We Must Continue "Stand and Deliver" Teacher Jaime Escalante's Legacy

| by National Womens Law Center

Jaime Escalante, the mathematics teacher who served as the inspiration behind 1988 film, “Stand and Deliver,” passed away Tuesday at the age of 79.

Escalante, a Bolivian immigrant, first gained media attention while teaching at Garfield High School in East Los Angeles. Since the 1960s, Garfield has had a predominately Latino student body and in 1974, when Escalante began teaching, it was known as one of the most educationally disadvantaged schools. Through instituting an AP Calculus program in the late 1970s, Escalante sought to change the culture of the school and the surrounding community. 

Beginning in 1978, Escalante recruited dedicated Garfield students and taught a rigorous curriculum that not only prepared them for the test, but also for their futures. In 1982, all 18 of his students passed the exam and received college credit. And even when the College Board’s Educational Testing Service accused 14 of those students of cheating, 12 decided to take the retest resulting in a passing grade once again.

As NPR reported, one of his former students said of Escalante that “he would teach anybody who wanted to learn . . . they didn’t have to be designated gifted or talented by the school.”

When reflecting on the actions of this great role model, we must remember not everyone is as fortunate as Escalante’s students.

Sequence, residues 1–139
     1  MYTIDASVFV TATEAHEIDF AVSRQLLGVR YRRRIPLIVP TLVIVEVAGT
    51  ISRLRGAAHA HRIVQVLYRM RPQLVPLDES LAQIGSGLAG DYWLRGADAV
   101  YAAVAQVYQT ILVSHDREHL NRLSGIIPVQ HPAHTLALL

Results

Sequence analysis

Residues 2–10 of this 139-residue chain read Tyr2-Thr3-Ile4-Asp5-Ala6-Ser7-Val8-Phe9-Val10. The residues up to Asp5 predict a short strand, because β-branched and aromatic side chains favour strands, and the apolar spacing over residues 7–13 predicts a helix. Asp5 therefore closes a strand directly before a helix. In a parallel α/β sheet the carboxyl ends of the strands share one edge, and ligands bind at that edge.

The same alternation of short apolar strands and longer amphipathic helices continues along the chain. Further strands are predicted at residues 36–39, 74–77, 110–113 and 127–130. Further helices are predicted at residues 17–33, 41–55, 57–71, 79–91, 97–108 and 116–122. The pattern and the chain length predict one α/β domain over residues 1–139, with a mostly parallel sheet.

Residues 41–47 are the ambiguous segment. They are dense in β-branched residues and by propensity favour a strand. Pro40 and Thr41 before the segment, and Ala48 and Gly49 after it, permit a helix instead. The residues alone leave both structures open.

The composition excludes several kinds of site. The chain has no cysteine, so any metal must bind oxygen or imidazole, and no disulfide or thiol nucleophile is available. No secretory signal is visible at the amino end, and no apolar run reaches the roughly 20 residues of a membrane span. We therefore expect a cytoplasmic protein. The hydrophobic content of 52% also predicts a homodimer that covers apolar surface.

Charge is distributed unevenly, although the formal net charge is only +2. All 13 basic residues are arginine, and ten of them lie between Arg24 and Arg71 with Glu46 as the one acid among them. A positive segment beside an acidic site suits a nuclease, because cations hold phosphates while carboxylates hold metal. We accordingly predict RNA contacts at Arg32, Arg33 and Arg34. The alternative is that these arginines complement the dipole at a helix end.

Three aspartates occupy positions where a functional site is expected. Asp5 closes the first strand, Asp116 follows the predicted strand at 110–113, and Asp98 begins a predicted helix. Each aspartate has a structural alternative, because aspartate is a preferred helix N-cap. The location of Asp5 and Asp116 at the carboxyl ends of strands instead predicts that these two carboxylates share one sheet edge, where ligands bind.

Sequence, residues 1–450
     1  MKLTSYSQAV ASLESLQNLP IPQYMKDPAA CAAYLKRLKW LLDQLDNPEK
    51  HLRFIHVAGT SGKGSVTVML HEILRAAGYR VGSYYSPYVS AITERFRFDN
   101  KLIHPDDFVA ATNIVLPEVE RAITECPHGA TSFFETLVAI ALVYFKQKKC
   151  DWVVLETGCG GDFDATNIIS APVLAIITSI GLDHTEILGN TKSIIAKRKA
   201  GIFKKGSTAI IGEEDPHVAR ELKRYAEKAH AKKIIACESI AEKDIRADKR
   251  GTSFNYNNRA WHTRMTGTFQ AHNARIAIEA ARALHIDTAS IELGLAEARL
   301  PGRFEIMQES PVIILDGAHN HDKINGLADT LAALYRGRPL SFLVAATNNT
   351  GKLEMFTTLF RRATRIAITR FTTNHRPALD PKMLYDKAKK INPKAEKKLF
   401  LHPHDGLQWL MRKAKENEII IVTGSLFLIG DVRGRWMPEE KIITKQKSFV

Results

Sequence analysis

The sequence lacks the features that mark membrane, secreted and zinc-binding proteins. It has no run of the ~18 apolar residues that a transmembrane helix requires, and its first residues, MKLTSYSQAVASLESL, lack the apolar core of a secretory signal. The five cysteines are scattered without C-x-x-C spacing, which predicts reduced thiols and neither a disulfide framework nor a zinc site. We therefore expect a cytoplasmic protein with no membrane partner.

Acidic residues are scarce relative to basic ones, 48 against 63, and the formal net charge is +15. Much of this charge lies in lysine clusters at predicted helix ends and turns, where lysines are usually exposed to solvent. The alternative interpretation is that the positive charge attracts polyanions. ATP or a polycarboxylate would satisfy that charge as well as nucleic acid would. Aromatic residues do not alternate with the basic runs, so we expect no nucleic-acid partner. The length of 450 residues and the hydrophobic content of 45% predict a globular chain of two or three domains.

Poverty, immigration status issues, limited English proficiency issues and barriers to parental involvement are just some of the obstacles that far too many Latino students must overcome to thrive in school. Latinas may face particular challenges based on prevalent stereotypes about them, teen pregnancy and parenting responsibilities, or responsibilities relating to other family members, such as younger siblings or elderly relatives.

Escalante gave his students the hope, motivation and tools to pursue a college degree. Teachers like him are rare. But Congress has an opportunity (in reauthorizing the Elementary and Secondary Education Act) to ensure that all students can pursue and are prepared for higher education opportunities.

Photo by ccarlstead via Flickr